--- Cindy Neun <cindyoflasvegas@...
> To: egroups <c.smith@...>
> From: Cindy Neun
> Date: Wed, 05 Feb 2003 07:20:45 -0800
> Subject: [legality-of-income-tax] Today in New York
> TODAY in New York Times
> February 5, 2003
> Bush Budget Increases Push to Find Tax Cheats
> By DAVID CAY JOHNSTON
> resident Bush's budget would increase by a third or
> more the number of
> audits of taxpayers suspected of hiding income
> received from their
> businesses, partnerships, investments and offshore
> The administration identified five areas to which
> more resources would be
> devoted to stem tax cheating: abusive corporate tax
> shelters, unreported
> income among higher-income taxpayers, failure by
> employers to turn over
> taxes withheld from paychecks or even to withhold
> them, misuse of trusts and
> offshore accounts to hide income, and "tax denial"
> schemes that are based on
> claims that the tax code does not apply to most
> The proposal is a first step toward reversing a long
> decline in enforcement
> of the tax laws. It could bring in billions of
> dollars owed to the
> government and would also help the states, which
> rely on Internal Revenue
> Service enforcement much more than on their own
> But the proposal for I.R.S. financing falls far
> short of what Charles O.
> Rossotti, the last I.R.S. commissioner, said in
> November that the service
> needed to enforce the tax laws adequately.
> Under the Bush plan the I.R.S. would get an
> additional $133 million for
> these audits and other law enforcement work in these
> five areas. Over all
> the I.R.S. would receive $10.4 billion, a 5.25
> percent increase, but still
> less per tax return, after adjusting for inflation
> than it got five years
> ago. Law enforcement, which includes audits, takes
> up almost 40 percent of
> the I.R.S. budget.
> The additional money would "target the real problem
> areas in a fair and
> evenhanded manner, restoring confidence in the tax
> system for hard-working
> taxpayers," said Pamela Olson, assistant treasury
> secretary for tax policy.
> "At the same time the I.R.S. goes after those who
> cheat," Ms. Olson added,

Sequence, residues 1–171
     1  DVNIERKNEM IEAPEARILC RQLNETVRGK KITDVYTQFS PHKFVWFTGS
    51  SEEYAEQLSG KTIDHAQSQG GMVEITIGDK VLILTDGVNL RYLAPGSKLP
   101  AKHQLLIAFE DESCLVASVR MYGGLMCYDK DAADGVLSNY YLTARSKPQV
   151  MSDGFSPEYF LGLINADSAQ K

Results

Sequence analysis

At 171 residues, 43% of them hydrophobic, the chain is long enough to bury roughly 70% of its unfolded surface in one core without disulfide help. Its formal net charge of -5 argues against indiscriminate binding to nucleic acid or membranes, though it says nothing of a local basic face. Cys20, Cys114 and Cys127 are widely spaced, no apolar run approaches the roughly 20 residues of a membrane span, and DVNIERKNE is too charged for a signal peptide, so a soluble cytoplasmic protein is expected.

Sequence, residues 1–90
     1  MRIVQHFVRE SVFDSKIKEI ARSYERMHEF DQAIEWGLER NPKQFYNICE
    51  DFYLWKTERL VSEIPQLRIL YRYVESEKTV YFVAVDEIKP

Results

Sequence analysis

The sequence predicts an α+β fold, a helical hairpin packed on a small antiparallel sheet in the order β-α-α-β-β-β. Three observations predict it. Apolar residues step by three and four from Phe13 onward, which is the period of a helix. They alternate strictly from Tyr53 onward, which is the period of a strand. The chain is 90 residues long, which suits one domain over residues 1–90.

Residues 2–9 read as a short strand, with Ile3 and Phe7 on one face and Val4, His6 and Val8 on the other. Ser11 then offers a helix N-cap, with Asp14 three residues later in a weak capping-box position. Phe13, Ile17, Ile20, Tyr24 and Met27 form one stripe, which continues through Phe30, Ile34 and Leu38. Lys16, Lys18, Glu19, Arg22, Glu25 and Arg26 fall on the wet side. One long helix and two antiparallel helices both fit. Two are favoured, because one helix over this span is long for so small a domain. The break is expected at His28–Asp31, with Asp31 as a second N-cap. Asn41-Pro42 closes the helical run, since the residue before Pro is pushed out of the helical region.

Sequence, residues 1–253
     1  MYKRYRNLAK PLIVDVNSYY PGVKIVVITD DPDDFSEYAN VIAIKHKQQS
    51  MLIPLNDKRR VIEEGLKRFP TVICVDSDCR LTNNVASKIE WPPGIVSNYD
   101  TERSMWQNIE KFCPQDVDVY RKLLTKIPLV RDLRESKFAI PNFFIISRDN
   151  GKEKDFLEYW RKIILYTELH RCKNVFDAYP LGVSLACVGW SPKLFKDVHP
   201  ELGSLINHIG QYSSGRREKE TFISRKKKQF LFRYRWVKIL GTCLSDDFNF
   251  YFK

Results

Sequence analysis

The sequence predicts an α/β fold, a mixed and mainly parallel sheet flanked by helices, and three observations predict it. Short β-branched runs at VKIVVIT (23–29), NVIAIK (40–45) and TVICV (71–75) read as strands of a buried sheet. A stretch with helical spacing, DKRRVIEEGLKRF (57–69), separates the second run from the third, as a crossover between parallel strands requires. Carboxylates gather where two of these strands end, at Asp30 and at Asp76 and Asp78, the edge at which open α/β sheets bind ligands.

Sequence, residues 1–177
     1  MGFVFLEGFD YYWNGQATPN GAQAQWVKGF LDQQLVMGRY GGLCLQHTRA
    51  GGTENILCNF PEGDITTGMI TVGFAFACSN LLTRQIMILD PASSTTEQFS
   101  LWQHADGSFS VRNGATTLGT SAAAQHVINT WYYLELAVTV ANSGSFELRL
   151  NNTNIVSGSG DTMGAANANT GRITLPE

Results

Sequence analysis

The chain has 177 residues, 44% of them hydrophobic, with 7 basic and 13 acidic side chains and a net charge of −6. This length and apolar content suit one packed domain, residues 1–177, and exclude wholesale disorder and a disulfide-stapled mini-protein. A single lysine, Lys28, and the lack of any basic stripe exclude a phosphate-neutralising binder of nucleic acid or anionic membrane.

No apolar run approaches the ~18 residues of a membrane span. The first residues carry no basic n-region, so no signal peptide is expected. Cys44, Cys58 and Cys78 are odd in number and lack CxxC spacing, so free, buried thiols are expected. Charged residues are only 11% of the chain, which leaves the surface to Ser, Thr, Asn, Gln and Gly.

> "the I.R.S. must provide better service to
> law-abiding taxpayers and respect
> every taxpayer's rights. It can and it must do
> But according to the formula Mr. Rossotti
> recommended in his final report to
> the I.R.S. Oversight Board, the agency would need an
> overall increase of
> more than 7 percent, as opposed to the 5.25 percent
> proposed by President
> Bush, to start closing the law enforcement gap.
> Over the last five years, demands on the I.R.S. have
> grown in several ways.
> Congress has made the tax code far more complex,
> while at the same time
> imposing complicated new procedures to protect the
> rights of taxpayers. A
> growing number of promoters now teach people to
> exploit those procedures to
> thwart audits and the collection of taxes, according
> to Mr. Bush's budget.
> Congress also ordered better service to cooperative
> taxpayers. Without extra
> money to handle these duties, the I.R.S. diverted
> money from audits, which
> in turn lowered the risks of cheaters being caught.
> The Treasury Department did not detail how much of
> the extra money would be
> applied to each of the five areas of cheating. It
> said only that with $133
> million more it could increase audits of individuals
> who make more than
> $100,000 from 125,000 last year to 166,000 next
> year, a one-third increase,
> at a cost of about $3,200 per audit. For some tax
> dodges the number of
> audits would increase by more than a third; for
> others, the figure would be
> The department also proposed tougher rules to make
> both promoters of tax
> shelters and the companies that buy them keep more
> records and make more
> The use of artificial losses in foreign currency
> transactions to make
> capital gains vanish is one of the most popular tax
> dodges. So are corporate
> transactions that inflate interest deductions.
> Entrepreneurs who place their
> business in a trust, because promoters persuaded
> them that it will make
> profits immune from taxes, are another area covered
> by the budget proposal.
> The extra money would also increase audits of those
> who buy into the growing
> number of fraudulent schemes asserting that it is
> legal to stop paying taxes
> if one uses a "pure trust," renounces his Social
> Security number or declares
> himself a sovereign citizen or a citizen of the
> state in which he lives (but
> not the United States). Another fraud, known as the
> 861 position, asserts
> that wages paid by American-owned companies are
> exempt from tax. None of
> these claims have been upheld by any judge anywhere,
> but the Treasury
> Department has acknowledged that the frauds have
> flourished in recent years.
> Promoters of these schemes often cite as evidence
> that taxes need not be
> paid the statements of those senators and
> representatives who in the last
> five years have described the I.R.S. in terms like
> "rogue agency" run by
> "jackbooted thugs" and other remarks that the
> promoters twist into
> assertions that the I.R.S. is not a legitimate
> agency of the government.
> This year the vast majority of tax cheats the I.R.S.
> identifies will get
> away without paying. Mr. Rossotti's report showed
> that the I.R.S. has only
> enough money to pursue about a fifth of individual
> Copyright 2003 The New York Times Company |
Do you Yahoo!?
Yahoo! Mail Plus - Powerful. Affordable. Sign up now.